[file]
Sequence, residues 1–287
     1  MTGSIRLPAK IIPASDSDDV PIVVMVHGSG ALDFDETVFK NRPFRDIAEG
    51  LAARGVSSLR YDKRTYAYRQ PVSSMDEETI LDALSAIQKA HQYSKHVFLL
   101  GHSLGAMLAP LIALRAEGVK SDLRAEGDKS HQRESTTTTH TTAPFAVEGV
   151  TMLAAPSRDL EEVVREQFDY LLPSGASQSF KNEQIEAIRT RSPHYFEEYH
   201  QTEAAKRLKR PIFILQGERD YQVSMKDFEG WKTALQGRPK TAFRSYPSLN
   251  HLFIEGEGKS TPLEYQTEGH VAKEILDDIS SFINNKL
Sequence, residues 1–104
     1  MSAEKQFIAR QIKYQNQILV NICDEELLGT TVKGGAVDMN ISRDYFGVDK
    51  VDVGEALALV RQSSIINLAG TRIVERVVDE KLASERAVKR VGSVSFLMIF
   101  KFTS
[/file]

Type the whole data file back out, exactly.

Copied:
Sequence, residues 1–287
     1  MTGSIRLPAK IIPASDSDDV PIVVMVHGSG ALDFDETVFK NRPFRDIAEG
    51  LAARGVSSLR YDKRTYAYRQ PVSSMDEETI LDALSAIQKA HQYSKHVFLL
   101  GHSLGAMLAP LIALRAEGVK SDLRAEGDKS HQRESTTTTH TTAPFAVEGV
   151  TMLAAPSRDL EEVVREQFDY LLPSGASQSF KNEQIEAIRT RSPHYFEEYH
   201  QTEAAKRLKR PIFILQGERD YQVSMKDFEG WKTALQGRPK TAFRSYPSLN
   251  HLFIEGEGKS TPLEYQTEGH VAKEILDDIS SFINNKL
Sequence, residues 1–104
     1  MSAEKQFIAR QIKYQNQILV NICDEELLGT TVKGGAVDMN ISRDYFGVDK
    51  VDVGEALALV RQSSIINLAG TRIVERVVDE KLASERAVKR VGSVSFLMIF
   101  KFTS